being squeezed financially and coerced into becoming dependent on
hospital contracts may have another major problem if Obama gets
his way on "healthcare reform." In the past, government programs
have provided disproportionately high payments to hospitals,
while cutting physician payment to bare bones. In a weekly radio
address, Obama called for cutting $313 billion in Medicare and
Medicaid payment over 10 years, $106 billion coming specifically
from hospitals. He cleverly promised not to slow Medicare
payments to physicians. Hospitals, however, will surely cut
payments to their dependent physicians. Then, those physicians
will have lost not only their ability to practice according to
their own best judgment, but their financial well-being also.
Lawrence R. Huntoon, M.D., Ph.D., Lake View, NY
Chronic Disease. If patients in the U.S. are sicker
with chronic disease, what about the possibility that they
survived the initial onslaught and manage to live with the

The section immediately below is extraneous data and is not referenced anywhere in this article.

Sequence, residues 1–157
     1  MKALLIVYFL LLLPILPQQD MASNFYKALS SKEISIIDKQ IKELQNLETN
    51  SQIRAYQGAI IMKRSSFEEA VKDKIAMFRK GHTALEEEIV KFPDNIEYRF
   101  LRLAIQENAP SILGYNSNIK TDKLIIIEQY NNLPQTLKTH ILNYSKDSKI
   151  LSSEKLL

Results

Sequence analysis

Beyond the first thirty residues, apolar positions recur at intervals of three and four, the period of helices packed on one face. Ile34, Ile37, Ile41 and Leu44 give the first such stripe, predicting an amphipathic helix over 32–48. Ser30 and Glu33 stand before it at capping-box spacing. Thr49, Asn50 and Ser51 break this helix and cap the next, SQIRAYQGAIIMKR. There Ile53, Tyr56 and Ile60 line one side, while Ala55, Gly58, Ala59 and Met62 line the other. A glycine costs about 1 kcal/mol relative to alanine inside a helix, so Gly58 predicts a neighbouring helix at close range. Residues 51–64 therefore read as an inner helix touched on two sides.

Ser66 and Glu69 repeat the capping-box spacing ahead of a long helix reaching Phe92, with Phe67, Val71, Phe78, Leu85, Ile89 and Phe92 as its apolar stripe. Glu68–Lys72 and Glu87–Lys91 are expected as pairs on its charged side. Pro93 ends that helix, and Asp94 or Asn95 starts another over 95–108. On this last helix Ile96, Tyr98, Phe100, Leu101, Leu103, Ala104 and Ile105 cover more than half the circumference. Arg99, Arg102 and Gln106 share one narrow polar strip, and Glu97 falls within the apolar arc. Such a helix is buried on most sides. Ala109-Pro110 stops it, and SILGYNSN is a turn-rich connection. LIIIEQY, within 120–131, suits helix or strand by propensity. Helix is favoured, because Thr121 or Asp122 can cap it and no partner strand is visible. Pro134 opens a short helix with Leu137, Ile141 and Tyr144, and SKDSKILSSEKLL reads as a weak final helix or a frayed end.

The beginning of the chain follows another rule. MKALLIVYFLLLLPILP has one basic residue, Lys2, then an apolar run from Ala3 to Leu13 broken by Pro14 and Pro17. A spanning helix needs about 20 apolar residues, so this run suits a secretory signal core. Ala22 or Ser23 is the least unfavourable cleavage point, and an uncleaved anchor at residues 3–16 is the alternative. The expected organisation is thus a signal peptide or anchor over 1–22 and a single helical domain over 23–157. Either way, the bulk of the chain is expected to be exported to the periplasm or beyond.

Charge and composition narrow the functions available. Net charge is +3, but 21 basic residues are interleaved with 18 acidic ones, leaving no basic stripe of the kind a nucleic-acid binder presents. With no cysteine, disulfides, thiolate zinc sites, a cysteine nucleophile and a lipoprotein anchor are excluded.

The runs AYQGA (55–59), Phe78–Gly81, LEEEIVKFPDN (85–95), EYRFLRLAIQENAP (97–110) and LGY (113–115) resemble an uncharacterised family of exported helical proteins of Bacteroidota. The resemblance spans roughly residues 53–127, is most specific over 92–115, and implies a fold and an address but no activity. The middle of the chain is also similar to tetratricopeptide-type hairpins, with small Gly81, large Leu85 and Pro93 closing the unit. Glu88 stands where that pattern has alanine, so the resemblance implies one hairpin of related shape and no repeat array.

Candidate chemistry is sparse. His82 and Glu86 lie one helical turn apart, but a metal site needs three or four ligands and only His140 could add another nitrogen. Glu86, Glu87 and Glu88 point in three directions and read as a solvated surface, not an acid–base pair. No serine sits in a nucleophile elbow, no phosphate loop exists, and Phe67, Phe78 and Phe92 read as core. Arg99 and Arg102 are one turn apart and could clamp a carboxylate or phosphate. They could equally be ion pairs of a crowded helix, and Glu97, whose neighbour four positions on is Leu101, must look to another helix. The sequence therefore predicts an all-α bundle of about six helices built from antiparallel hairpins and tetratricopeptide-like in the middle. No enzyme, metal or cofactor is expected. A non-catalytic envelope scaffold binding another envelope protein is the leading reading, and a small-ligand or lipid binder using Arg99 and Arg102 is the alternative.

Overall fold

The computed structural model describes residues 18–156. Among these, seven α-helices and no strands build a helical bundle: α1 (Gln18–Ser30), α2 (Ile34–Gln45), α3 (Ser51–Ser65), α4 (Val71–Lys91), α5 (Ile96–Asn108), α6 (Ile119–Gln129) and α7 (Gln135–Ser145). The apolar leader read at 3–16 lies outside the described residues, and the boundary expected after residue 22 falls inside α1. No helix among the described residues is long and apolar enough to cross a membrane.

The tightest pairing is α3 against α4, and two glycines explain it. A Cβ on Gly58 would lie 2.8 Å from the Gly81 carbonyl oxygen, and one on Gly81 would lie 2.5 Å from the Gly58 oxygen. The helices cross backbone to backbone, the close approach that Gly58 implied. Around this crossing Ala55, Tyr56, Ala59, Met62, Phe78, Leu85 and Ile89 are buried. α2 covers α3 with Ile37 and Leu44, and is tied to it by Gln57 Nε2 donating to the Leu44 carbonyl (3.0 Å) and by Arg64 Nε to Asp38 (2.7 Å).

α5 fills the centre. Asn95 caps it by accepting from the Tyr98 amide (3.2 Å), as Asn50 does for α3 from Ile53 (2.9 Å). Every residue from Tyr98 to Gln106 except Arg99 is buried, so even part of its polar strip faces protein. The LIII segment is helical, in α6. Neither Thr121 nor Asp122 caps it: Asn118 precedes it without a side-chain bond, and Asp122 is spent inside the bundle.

problem thanks to good care? How do you reduce the number with
chronic disease? Don't treat them, and let them die.
Linda Gorman, Ph.D., Independence Institute, Golden,
Uninsured in Canada. Uninsured Canadians must pay cash
before treatment in an emergency room or walk-in clinic. The ER
will not refer patients to a specialist, and walk-in clinics
don't like to do that either. You are better off being uninsured
in America. The uninsured in Canada are the neediest: homeless
people and those so poor they don't pay taxes. Socialism always
hurts the neediest first.
Ralph Weber, C.L.U., Paso Robles, CA
Innovation. Without third-party payment for many
services, there would be a more tiered marketplace with varied
options and cost differences. We see this happening with blood